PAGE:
What to Do if You Can’t Make your Rent or Mortgage Payments

If you or someone you care about is in the position of not being able to work from home and are facing furloughs or job loss, you’re not alone. Millions of U.S. households are expected to face financial hardships as a result of the global pandemic. Fear can be a paralyzing force, but knowledge is power. Below is a brief list of actions that can and should be taken immediately to get in front of securing your housing while the shelter-in-place mandates are in effect. 

Guidance for Homeowners

Step one is get in touch with your lender. Guidelines from the Federal Housing Finance Agency speak specifically to loans owned by Fannie Mae, Freddie Mac and the Federal Home loan banks, but each major lender should now have or is working on their own set of guidelines to help. Available relief includes waived late fees, without delinquencies showing up on your credit reports down the road (and destroying your credit). If you are having trouble catching up at the end of the temporary relief period, additional help may be available.

Many banks are already putting together coronavirus response pages, including: 

The advice from the experts is to avoid waiting until your mortgage is past due. Know your options in advance and get in front of upcoming financial challenges before they become critical. As stay-in-place mandates continue and expand nationwide, having a game plan you can enact will help you feel more in control and ease anxiety. 

Guidance for Renters

Get in touch with your landlord as soon as possible and work out partial payment plans or the possibility of skipping a month. Most landlords will be willing to work with tenants who have been paying regularly and are experiencing hardships far beyond their control. Try this to get started: “Mr. Landlord, will you be willing to accept half payment this month, which I can add to my rent beginning in May or June?” – or whatever is realistic for your situation. Be clear, so that your landlord understands you aren’t requesting rent forgiveness, but deferment.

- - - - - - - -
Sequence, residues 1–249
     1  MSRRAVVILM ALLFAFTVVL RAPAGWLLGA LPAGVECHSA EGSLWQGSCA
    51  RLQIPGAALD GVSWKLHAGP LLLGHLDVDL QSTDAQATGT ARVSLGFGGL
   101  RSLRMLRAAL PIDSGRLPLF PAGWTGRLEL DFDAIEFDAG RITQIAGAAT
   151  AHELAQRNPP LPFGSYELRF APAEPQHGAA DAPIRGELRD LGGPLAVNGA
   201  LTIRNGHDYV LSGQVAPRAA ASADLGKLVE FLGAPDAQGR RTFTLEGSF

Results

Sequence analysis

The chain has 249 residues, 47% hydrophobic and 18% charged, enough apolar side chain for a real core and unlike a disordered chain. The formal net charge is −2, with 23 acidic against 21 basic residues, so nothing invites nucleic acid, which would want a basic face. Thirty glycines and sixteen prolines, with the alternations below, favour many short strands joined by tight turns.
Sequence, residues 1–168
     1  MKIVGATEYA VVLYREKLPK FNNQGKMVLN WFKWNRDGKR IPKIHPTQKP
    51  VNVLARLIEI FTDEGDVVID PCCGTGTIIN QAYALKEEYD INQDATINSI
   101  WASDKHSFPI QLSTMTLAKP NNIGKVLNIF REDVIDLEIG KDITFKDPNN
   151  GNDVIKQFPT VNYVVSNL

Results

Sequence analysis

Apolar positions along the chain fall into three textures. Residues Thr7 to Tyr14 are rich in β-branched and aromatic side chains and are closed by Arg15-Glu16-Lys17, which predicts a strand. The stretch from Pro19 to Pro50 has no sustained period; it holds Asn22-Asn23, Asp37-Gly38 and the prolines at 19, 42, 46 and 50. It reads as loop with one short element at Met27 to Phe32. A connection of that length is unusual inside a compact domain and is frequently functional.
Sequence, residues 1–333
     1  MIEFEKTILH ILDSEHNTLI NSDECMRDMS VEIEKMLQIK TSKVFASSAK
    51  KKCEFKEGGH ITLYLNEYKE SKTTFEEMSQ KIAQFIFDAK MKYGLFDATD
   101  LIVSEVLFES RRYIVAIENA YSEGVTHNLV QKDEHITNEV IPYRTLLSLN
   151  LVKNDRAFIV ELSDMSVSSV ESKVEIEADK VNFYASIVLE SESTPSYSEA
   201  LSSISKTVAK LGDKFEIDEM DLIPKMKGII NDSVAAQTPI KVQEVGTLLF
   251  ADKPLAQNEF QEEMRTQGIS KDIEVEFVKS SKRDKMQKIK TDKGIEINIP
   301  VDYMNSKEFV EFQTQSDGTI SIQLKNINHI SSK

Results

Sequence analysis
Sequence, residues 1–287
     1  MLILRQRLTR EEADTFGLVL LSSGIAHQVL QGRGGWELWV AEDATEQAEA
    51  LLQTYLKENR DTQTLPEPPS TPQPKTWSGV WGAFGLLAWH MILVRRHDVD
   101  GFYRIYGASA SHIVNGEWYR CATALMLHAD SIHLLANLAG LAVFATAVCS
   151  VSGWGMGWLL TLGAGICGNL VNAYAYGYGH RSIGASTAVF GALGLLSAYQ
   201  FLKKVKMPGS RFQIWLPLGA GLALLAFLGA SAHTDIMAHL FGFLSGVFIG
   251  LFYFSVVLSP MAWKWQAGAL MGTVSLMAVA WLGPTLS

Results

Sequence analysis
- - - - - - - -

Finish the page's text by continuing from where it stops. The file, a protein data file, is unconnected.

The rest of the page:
Keep in mind, most landlords have their own mortgages and bills to offset with the rents they collect. The sooner they have notice, the better they can plan for their own finances. Do your best to approach the conversation with compassion, as many landlords have their own jobs, families and financial challenges at this time. If your landlord can’t or won’t work with you, contact your local United Way by dialing 211 to see if they are offering rent assistance. Many banks are also offering help to their customers, which you should definitely take advantage of if you need it.  

California Governor Announces Major Financial Relief Package

California Governor Gavin Newsom announced March 25 that financial institutions are providing relief to Californians economically affected by the pandemic. Highlights include:

  • A 90-day grace period for mortgage payments
  • No negative credit impacts as a result of using relief
  • Moratorium on the initiation of foreclosure sales or evictions
  • Relief from fees and charges

You can find more details, including steps for application, here. Still, move one is to speak directly with your lender or landlord – and the sooner, the better.  

Housing Should be Your Top Priority

Once you’ve made a plan for keeping the roof over your head you can deal with credit card and utility companies. Bank of America is offering credit card payment deferrals and various utility companies are stepping up to waive late fees or make payment plans.

Again, the key to making all of this work is by being in front of it. Don’t pull the covers over your head and fall back to sleep. If you know that you can’t make rent or you may miss a mortgage payment as a result of COVID-19, don’t wait. Reaching out now is a far better strategy than waiting for the fallout.

Need Guidance?

If you need someone to talk you through this, please reach out. I’ve been through some financial hardships in my day and I’ve helped many of my clients navigate those treacherous waters. I know the toll that financial stress can take. I’m happy to help you with a script for your landlord or to be a resource to your lender.

And one last tip – beware of scams! The nefarious element that is ever-present in our world today is taking advantage of the crisis to play on people’s fears, so be awake and aware of any calls you get that don’t sound quite right or emails promising you relief in exchange for your personal information, blood type, and first-born.

Be safe and stay healthy! 

Leave a reply:

Your email address will not be published.

Site Footer